Incidentally, the Cape is better known for being applied to markets, but this idea of average earnings is something that Benjamin Graham (the father' of value investing) thought should be applied to individual stocks too.

Anyway - the Cape is by no means a perfect timing measure. All you can say about it is that when it's high, your future long-term returns (we're talking ten years here) are likely to disappoint. And when it's low, you're likely to do well.

So there isn't a single number that screams "buy NOW!" or "sell NOW!"

But then, such a number doesn't exist. The point is, if you're the sort of investor who prefers to buy markets when they're cheap rather than when they're expensive (and if you're buying for the long term, you should be), then the Cape is a useful tool.

The US is pricing in too much good news; Europe too much bad

That doesn't mean the gap is going to close tomorrow. But what it does sum up, as Shiller put it, is that the US is priced for a future in which earnings remain very high, whereas Europe is pricing in a much gloomier future.

A value investor might say that there's a margin of safety in European stocks that just isn't there in the US. A margin of safety matters. Because none of us can predict the future. So you don't want to be in a share or market where your returns depend on everything going your way.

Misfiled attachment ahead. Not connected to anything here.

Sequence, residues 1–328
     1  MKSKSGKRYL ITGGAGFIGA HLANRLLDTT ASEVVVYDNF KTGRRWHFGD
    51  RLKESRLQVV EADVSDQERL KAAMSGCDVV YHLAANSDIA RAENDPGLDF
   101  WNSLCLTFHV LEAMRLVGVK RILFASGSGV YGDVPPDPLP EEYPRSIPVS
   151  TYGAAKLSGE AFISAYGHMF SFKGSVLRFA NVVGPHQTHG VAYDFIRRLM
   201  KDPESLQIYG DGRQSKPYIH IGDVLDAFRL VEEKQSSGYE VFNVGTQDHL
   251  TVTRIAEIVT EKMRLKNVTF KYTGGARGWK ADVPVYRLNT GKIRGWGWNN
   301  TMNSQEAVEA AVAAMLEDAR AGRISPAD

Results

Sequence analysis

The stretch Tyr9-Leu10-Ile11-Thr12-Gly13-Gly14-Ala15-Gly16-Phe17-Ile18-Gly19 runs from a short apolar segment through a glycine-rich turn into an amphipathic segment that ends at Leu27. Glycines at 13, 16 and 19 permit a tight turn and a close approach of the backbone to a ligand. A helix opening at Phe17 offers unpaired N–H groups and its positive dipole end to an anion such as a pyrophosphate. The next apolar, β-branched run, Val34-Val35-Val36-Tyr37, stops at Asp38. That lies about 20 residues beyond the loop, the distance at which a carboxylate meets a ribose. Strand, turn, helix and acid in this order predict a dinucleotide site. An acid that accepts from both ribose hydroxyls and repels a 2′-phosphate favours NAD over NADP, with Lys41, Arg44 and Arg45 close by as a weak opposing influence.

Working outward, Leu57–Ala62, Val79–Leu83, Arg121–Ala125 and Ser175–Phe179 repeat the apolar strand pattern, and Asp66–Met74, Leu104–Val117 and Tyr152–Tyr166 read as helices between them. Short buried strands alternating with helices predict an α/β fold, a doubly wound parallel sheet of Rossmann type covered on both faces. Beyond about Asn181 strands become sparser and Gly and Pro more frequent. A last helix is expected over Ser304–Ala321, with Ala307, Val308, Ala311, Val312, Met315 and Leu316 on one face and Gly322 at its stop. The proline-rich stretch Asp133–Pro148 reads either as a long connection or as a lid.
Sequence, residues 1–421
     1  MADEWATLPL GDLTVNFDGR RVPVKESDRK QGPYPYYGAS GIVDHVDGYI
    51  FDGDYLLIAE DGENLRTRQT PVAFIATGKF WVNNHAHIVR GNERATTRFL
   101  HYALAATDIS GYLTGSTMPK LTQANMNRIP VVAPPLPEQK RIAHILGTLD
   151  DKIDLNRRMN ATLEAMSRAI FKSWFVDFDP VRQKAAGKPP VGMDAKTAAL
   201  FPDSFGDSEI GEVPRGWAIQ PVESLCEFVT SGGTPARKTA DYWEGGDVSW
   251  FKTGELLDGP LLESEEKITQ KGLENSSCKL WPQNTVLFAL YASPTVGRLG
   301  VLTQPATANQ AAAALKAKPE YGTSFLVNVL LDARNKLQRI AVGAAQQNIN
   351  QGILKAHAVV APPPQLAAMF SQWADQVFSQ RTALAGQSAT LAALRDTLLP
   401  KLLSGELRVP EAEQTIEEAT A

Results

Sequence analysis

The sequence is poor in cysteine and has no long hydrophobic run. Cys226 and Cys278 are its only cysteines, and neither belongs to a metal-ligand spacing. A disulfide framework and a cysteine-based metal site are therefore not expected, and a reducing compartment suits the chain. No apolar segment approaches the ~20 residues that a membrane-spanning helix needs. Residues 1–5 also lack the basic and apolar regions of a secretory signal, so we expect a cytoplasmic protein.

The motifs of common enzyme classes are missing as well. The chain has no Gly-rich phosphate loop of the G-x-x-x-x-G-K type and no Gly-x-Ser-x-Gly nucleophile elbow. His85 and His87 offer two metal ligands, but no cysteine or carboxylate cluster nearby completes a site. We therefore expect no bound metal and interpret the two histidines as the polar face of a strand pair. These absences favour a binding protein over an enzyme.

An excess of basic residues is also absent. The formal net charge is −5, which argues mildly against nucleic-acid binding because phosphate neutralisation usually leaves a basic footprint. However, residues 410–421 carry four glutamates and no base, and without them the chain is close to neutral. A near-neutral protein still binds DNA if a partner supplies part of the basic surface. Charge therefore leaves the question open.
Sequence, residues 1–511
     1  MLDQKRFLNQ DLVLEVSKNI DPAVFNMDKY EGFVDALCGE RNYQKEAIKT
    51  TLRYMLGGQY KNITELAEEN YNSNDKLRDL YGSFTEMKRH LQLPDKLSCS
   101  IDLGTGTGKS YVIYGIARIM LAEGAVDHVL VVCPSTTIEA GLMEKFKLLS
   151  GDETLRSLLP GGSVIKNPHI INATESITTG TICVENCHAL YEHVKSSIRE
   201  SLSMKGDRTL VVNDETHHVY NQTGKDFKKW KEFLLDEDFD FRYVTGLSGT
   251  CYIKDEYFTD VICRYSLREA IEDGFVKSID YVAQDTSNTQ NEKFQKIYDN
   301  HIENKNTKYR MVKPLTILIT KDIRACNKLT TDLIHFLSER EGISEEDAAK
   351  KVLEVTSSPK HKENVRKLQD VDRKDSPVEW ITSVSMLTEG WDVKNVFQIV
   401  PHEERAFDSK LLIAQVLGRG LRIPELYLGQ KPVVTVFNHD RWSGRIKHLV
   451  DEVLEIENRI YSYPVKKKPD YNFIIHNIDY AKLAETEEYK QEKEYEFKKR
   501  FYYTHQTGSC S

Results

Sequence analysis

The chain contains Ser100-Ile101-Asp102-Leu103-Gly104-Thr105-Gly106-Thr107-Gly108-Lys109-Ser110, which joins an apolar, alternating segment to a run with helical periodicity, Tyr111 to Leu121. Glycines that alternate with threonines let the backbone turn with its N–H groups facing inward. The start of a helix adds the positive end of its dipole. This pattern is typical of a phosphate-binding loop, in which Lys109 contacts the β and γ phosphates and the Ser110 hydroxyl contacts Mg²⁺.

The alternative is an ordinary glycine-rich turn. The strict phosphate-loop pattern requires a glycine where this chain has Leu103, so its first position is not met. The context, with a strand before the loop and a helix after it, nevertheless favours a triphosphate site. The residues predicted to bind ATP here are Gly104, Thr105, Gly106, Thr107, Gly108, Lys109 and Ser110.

Yesterday, we got some of the first signs that the US view of things might be a bit too rosy. The strong US dollar has dented earnings at everyone from machinery giant Caterpillar to the likes of computing group Microsoft and consumer-goods blue chip Procter & Gamble.

Apple, of course, reported record-setting earnings after the market closed which should buoy spirits today but even if you're not an Apple fan, I think you'd have to acknowledge that Apple is a very unusual company. And even Apple said its results would have been even better without "fierce foreign exchange volatility".

We can expect this to continue. And for a market that's priced for good news, any sort of bad news even relatively predictable stuff like this can hit confidence hard.